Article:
Kindling a 'fire of faith' — Young Women celebrate 100 years of camp
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During the summer of 1912, 82 young ladies from the Liberty Stake in Salt Lake City participated in a week-long rough-out camp. They slept in a cabin and learned about flowers, insects, birds and plants. With the help of 15 leaders, they cooked and ate outdoors. They built a swimming hole and waded in the cool water. At the end of the week, they entertained their parents and ward members who visited the camp.
One century later, Latter-day Saint young women worldwide carry on the traditions they started.
In fact, the Church's first recorded Young Women camp, held 100 years ago on the banks of Big Cottonwood Creek in Murray, Utah, wasn't so different than camps today.
Clarissa Johnson, one of the first young women to attend the Young Women camp at Liberty Glen, wrote about the experience: "Around the fires in the evenings, sat the camp girls ... while they danced and sang and shouted, to music from the cabin ... and they whispered and they giggled until sleep had grasped the last one."
Sister Elaine S. Dalton, Young Women general president, and her counselors, Mary N. Cook and Ann M. Dibb, say 100 years after the first Young Women camp, the activity is more essential than it has ever been.
"Camp is an integral part of Young Women, because it is at camp that youth get to learn and apply the things they are taught by their leaders," Sister Dalton said. "It is at camp that young women really get to practice provident living. And it is also at camp where young women get to establish a mini home. By a mini home, I mean that a young woman can take her tent and pitch it and, in essence, set up a place that can be her shelter, her home for three or four days. She can establish a home that is a house of order, a house of prayer, a house of God, a house of learning (Doctrine and Covenants 88:119). Right there in that little tent she can create a space where she can feel the Spirit."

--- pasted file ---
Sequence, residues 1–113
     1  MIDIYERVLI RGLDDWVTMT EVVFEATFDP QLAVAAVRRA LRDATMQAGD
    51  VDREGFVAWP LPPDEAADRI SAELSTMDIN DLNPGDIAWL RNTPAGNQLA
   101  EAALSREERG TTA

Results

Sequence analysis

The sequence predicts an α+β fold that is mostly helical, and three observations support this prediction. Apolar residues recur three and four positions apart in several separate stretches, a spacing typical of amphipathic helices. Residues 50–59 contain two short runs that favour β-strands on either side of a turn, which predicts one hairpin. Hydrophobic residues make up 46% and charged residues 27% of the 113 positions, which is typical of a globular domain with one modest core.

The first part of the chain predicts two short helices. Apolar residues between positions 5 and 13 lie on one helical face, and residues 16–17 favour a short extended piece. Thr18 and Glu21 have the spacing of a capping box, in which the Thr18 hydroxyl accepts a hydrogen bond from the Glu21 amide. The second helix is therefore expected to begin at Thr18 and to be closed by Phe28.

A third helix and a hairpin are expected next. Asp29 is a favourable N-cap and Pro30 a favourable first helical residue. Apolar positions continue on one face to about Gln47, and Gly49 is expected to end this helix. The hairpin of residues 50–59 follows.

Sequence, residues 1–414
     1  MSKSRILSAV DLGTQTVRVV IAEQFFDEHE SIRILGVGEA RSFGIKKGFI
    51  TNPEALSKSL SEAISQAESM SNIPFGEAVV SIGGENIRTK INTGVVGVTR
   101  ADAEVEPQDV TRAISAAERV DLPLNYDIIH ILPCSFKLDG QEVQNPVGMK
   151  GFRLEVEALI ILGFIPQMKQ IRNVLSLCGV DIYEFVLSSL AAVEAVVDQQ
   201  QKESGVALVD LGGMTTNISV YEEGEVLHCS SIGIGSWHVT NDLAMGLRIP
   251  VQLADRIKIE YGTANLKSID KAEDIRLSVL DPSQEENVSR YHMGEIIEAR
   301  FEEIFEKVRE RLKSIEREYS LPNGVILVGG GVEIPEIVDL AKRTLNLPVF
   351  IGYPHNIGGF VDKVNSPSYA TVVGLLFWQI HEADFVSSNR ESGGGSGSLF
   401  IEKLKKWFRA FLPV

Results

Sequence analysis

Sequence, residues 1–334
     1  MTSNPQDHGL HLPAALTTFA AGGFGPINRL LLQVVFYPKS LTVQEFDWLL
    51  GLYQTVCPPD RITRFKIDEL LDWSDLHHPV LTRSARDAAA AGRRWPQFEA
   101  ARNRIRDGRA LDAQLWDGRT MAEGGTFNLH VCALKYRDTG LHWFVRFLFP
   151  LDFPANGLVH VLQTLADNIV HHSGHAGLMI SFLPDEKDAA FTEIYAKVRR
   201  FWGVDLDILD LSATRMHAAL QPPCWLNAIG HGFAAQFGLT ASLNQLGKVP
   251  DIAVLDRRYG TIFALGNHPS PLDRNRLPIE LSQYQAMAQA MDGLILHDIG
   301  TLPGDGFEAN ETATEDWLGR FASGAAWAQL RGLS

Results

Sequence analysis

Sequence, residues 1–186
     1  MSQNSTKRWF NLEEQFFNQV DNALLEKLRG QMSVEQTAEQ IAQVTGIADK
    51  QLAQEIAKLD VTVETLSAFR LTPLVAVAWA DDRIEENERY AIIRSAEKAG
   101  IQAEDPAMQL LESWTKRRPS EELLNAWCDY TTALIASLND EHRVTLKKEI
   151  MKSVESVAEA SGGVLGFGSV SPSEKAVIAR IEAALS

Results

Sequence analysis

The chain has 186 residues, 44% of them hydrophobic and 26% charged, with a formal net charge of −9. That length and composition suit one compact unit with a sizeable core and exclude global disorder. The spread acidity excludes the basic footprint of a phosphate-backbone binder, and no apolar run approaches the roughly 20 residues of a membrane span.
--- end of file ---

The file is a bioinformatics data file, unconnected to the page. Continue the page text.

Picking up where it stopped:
All that can happen, added Sister Dalton, as the youth disconnect from the world.
Living in a very connected world creates a lot of demands for young women today, she explained. "At camp they can disconnect from all the technology, from all the peer pressure, from even the pressure to wear makeup and look good all the time. And they can connect with their Heavenly Father and with their true identity and with the Spirit and with the scriptures and with virtuous role models, the righteous women who are leading them. They can also connect with their abilities because young women are better and stronger than they think they are. And they can learn at camp that they can do hard things."
Sister Cook said young women learn many important lessons at camp.
"They experience a variety of emotions," she said. "It is fun. It is challenging. They learn to look out for others."
For example, Sister Cook attended the first Young Women camp held in Mongolia. Leaders borrowed tents, which were in disrepair, for the camp. When it rained the tents leaked, soaking the wool blankets used by the Mongolian young women. "But the girls were thrilled and so happy," recalled Sister Cook. "They didn't complain. They just pitched in and hung up their blankets and served each other. I remember the first testimony meeting. They didn't want to go home. They felt the Spirit so strongly at camp."